Born June 11, 1969, Heather W. Hackman completed her undergraduate studies in pre-med (microbiology) at Occidental College aiming to become a cardiologist, but took time off after her senior year. She subsequently attended Smith College, worked in student affairs, and got involved in the field of diversity training. Thereafter, Hackman obtained her masters (1995) and doctorate (2000) degrees in Social Justice Education …
Born June 11, 1969, Heather W. Hackman completed her undergraduate studies in pre-med (microbiology) at Occidental College aiming to become a cardiologist, but took time off after her senior year. She subsequently attended Smith College, worked in student affairs, and got involved in the field of diversity training. Thereafter, Hackman obtained her masters (1995) and doctorate (2000) degrees in Social Justice Education from the University of Massachusetts at Amherst.
Hackman served as an associate professor in the Department of Human Relations and Multicultural Education at St. Cloud State University from 2000-2012. In 2005 she founded the Hackman Consulting Group (HCG), a Minneapolis-based firm consisting of teachers, trainers, and experts on “deep diversity, equity, and social justice” issues. In 2012 Hackman left St. Cloud to work full-time as a consultant at HCG. Since 2012 as well, she has served as a member of the advisory council for the annual White Privilege Conference.
Hackman’s chief interests include social justice education, multicultural education, sexism, class oppression, gender oppression, homophobia, and most notably, racism and white privilege. A 2012 article she co-authored for the Association of American Colleges and Universities stated that “social justice education addresses the social construction of identity groups, the creation of dominant and subordinate categories with respect to these identity groups (depending on their relationships to power and resources), the systemic power structures within each form of oppression and how these structures overlap and reinforce each other, and the various pathways to liberation.” Claiming that different “forms of oppression [based on race, gender identity, sexual orientation, etc.] in the United States … fee[d] off of each other for their maintenance and expansion,” Hackman and her co-authors argued that “attention to this interdependence is necessary to achieve the level of societal and systemic change that brings about real and substantive equity and justice.”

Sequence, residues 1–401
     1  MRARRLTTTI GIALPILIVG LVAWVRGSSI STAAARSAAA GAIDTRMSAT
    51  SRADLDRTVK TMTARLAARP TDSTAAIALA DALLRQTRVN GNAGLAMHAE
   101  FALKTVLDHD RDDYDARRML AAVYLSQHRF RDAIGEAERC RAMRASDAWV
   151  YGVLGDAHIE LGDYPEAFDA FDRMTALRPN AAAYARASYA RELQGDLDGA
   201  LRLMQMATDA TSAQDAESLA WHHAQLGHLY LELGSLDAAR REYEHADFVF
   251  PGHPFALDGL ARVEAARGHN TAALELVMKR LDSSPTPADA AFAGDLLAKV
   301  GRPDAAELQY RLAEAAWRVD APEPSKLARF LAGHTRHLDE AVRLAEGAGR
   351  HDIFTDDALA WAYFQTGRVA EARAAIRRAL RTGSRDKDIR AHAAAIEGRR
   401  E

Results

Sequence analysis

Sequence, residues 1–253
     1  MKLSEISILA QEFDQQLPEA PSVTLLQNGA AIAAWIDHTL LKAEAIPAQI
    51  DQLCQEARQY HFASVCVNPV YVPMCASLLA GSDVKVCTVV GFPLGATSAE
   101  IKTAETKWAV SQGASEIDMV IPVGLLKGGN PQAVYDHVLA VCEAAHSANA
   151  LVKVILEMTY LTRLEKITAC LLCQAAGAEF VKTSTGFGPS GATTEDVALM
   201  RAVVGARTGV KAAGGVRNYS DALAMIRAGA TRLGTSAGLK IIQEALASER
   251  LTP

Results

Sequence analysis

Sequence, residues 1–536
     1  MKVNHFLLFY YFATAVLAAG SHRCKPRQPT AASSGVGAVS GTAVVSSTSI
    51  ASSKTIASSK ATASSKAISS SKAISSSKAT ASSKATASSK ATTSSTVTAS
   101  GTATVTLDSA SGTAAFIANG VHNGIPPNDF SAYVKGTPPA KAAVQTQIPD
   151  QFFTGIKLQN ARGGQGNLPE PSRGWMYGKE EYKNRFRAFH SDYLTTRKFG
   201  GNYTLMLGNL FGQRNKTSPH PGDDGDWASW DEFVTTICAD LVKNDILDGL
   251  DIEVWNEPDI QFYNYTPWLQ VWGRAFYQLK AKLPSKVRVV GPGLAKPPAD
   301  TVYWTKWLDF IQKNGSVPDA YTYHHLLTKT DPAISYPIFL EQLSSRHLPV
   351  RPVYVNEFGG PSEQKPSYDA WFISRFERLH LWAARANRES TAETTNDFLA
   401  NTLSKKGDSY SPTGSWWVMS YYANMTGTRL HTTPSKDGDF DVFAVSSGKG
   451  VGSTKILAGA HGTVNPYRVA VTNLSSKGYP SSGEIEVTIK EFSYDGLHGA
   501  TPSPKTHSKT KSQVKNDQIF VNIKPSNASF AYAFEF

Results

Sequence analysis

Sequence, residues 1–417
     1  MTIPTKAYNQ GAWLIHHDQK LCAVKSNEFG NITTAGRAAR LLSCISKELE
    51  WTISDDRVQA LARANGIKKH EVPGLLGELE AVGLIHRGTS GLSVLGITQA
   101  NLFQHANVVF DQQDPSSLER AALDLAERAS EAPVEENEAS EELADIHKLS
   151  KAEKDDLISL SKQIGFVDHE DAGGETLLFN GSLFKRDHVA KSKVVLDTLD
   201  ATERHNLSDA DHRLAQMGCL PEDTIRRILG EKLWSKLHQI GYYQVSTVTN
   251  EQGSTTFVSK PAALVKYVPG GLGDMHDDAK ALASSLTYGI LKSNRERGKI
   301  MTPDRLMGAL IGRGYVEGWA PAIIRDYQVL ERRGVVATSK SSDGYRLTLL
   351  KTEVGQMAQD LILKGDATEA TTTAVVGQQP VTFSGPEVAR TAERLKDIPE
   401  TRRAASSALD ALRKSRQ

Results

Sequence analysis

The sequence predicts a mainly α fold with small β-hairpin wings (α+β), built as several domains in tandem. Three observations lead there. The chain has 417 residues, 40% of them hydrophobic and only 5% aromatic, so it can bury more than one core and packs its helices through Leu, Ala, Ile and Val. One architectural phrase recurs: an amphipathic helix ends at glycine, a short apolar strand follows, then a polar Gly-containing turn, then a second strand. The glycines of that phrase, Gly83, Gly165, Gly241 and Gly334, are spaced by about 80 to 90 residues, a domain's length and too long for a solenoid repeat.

In March 2014, Hackman wrote an article for the gay blog, Belerico Report on LGBTQ Nation, in which she claimed that during the George W. Bush administration, Republican strategist and Bush adviser Karl Rove had tried to use “homophobic legislation” – disguised as “’protect the family’ legislation” – as a prod “to drive conservatives to the polls” on Election Day. “In this way,” explained Hackman, “Rove was playing on one of the most long-standing rationales for colonization, ‘Westward Expansion,’ and increased militarism and U.S. imperialism throughout the world: the ‘ever-increasing needs of the growing American family.’ In this line of thinking the ‘American family’ (read: heterosexual, white, middle class, Christian, able-bodied, etc. — think a Norman Rockwell painting) is the vessel into which all ideas of what it means to be an ‘American’ are poured, whereby the protection of this heteronormative ‘nuclear family’ is equated with the protection of America itself.”
In February 2015, Hackman’s consulting firm conducted a workshop in Minneapolis entitled, “More Than Skin Deep: Uprooting White Privilege and White Supremacy One Cell at a Time.” An announcement promoting this event said: “In order to end systems of racial dominance, we have to end whiteness. Period. Ending whiteness means changing the systems of perpetuation but ending whiteness demands more than that. Individuals, families and communities that have been socialized as white have been conditioned from birth to benefit from and support racial dominance…. This work is about literally becoming a different kind of person from the cells out … without continually re-centering whiteness, white experience and white learning.”
In April 2016, Hackman facilitated a workshop at the White Privilege Conference in Philadelphia, where she attacked the “white supremacist” nature of modern education, asserted that “education is not about the mere reproduction of knowledge,” and told teachers that they had a moral duty to “becom[e] activists as well as teachers.” Moreover, Hackman exhorted the teachers in attendance to reject “the racial narrative of White” — a narrative that, by her telling, aims to help children become “honest, hard-working, disciplined, rigorous, successful,” and capable of speaking “proper English.” These goals, said Hackman, are the racist objectives of what she terms a “Super-Whitey” mentality that disrespects the cultural values of nonwhites.
In October 2017, Hackman spoke (see video) in San Antonio before the Association for Advancement of Sustainability in Higher Education, on the topic of “A Deeper Solidarity: Sustainability Through a Social Justice Lens.” During her speech, she explained that racism is not “just about the way people are being treated,” but rather, that it is “a system” that doles out “access to resources, power and privilege” in a manner that is fundamentally unfair to nonwhites.
In addition to her years at St. Cloud State University, Hackman has also taught social justice issues at the University of Massachusetts-Amherst, Westfield State College, Springfield College, Hamline University, and the University of St Thomas. She currently resides in the Minneapolis area and travels extensively across the United States giving her presentations.
For additional information about Heather Hackman, click here.